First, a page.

The Anderson Institute Logo 
   Where history is becoming an experimental science      
Innovation and Excellence in Time Technology The Official Site of the World Encyclopedia of Time, the Time Shop, and the Time Research Association.    
  Home  |  About Us  |  Educational Resources  |  Encyclopedia  |  The Time Shop  |  Time Research Association  |  Contact Us

History of Time

Some of the world’s most timeless questions relate directly to time itself. Humans have always wanted to know when the world began. Perhaps even more important is their curiosity with when it will end or if it will ever end at all. Scientists and theologians alike have continuously modified their theories regarding the inception and demise of the world. Some think that the “Big Bang” will someday be followed by a “Big Crunch” when all goes back to the way it was before the beginning of time, and perhaps the cycle will start all over again. Others say that the world is destined to be eternal, while still others argue over whether the final days will come in the heat of fire or the cold burns of ice. Perhaps the best way to find out what the future holds is to analyze how the world has changed from the time of its creation until now.

History of time - Beginning of time

“Only barbarians are not curious about where they come from, how they came to be where they are, where they appear to be going, whether they wish to go there, and if so, why, and if not, why not.”
Isiah Berlin

The origin of the universe has been a topic of debate for millennia. It seems to be human nature to want to trace our ancestry back to its roots. Even the ancient Greeks tried to figure out where our universe came from. Aristotle argued that nothing can come from nothing, and therefore something had to have always existed. He believed there was never a time when the world did not exist. Many philosophers and scientists agree with this stand today, arguing that it is impossible to find such roots because we can reach backwards in time eternally without ever reaching the very beginning. Others say that there was a defining moment when the universe was created, whether it was through divine intervention (creationism) or through a cataclysmic explosion (evolution).

A leading theory concerning the origin of the universe today, takes the latter approach. The Big Bang Theory explains the existence of the universe by arguing that at some point, approximately fifteen billion years ago, an explosion of cosmic proportions sent matter flying in different directions. This matter would then become the building blocks of the universe – galaxies, stars, and ultimately planets. The Big Bang Theory can, at least in part, be traced back to the ideas of Einstein in the early 1900’s. The theory rests on the foundations of the Cosmological Principle and general relativity. The Cosmological Principle suggests that matter in the universe is spread out somewhat evenly across the galaxies in a stable way and that one part of the universe looks pretty much like any other part. Einstein’s concept of general relativity transformed gravity from a field into something able to bend time and space, changing the world from a three dimensional entity to a four dimensional one, with the addition of time as the fourth dimension.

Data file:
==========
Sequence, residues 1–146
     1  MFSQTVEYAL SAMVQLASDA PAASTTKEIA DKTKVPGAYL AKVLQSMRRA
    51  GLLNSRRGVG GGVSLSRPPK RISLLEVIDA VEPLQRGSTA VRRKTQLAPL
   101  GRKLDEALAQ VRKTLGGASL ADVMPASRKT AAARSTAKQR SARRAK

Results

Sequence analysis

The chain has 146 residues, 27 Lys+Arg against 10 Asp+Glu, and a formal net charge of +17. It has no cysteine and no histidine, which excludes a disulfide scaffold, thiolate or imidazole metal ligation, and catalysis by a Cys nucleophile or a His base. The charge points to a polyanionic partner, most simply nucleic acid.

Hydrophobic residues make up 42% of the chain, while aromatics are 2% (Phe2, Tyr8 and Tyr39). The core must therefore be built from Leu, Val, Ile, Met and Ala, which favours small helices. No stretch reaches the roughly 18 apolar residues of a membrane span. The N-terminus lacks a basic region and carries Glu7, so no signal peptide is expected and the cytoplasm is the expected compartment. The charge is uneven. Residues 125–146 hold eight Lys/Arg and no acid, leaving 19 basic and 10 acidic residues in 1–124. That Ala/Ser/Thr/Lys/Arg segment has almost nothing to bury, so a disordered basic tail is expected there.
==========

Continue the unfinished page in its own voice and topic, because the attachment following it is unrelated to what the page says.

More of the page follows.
In 1927, Georges Lemaitre unveiled his Big Bang theory proposing that the universe was created through the cataclysmic explosion of a cosmic egg or super atom. He theorized that this explosion launched the expansion of space and the beginning of time. Hubble found proof to support Lemaitre's theory when he determined that other galaxies are indeed moving away from us, which is in line with the idea that at some point in the past, there was an explosion that sent all matter flying away from some point of origin. In addition, radiation left over from this hypothesized explosion was found in 1964 by Nobel Prize winners Robert Wilson and Arno Penzias.

Not everyone looks at the beginning of the world from a strictly scientific point of view. Then again, those who oppose the Big Bang theory (mainly those who believe in creationism) do not all agree either. There are many different versions of creationism, some closely associated with religious beliefs and some not. Three of the most closely associated with religious beliefs are: Old-Earth creationists, Young-Earth creationists, and Gap creationists. Old-Earth creationists believe in the Big Bang theory and in evolution, with God's intervention. That is they believe God created the world in 6 days but that God's days lasted thousands, maybe millions of our years. In essence, they believed that God created the universe over time. Young-Earth creationists do not believe in evolution nor the Big Bang theory. They believe that the universe is less than 10000 years old and that God created it in six 24-hour days. Gap Creationism places a long period of time between Genesis 1:1 and 1:2. Genesis 1:1 says that God created the heaven and the earth in the beginning and Genesis 1:2 talks of an empty, formless earth with dark waters. They believe that God created the universe and filled it with angels. The angels, led by Satan, rebelled so God destroyed the earth and allowed it to remain barren for eons. They hold that the six-day period of creation came after this long gap. So, though everything was created in six days, it was not created in the first six days.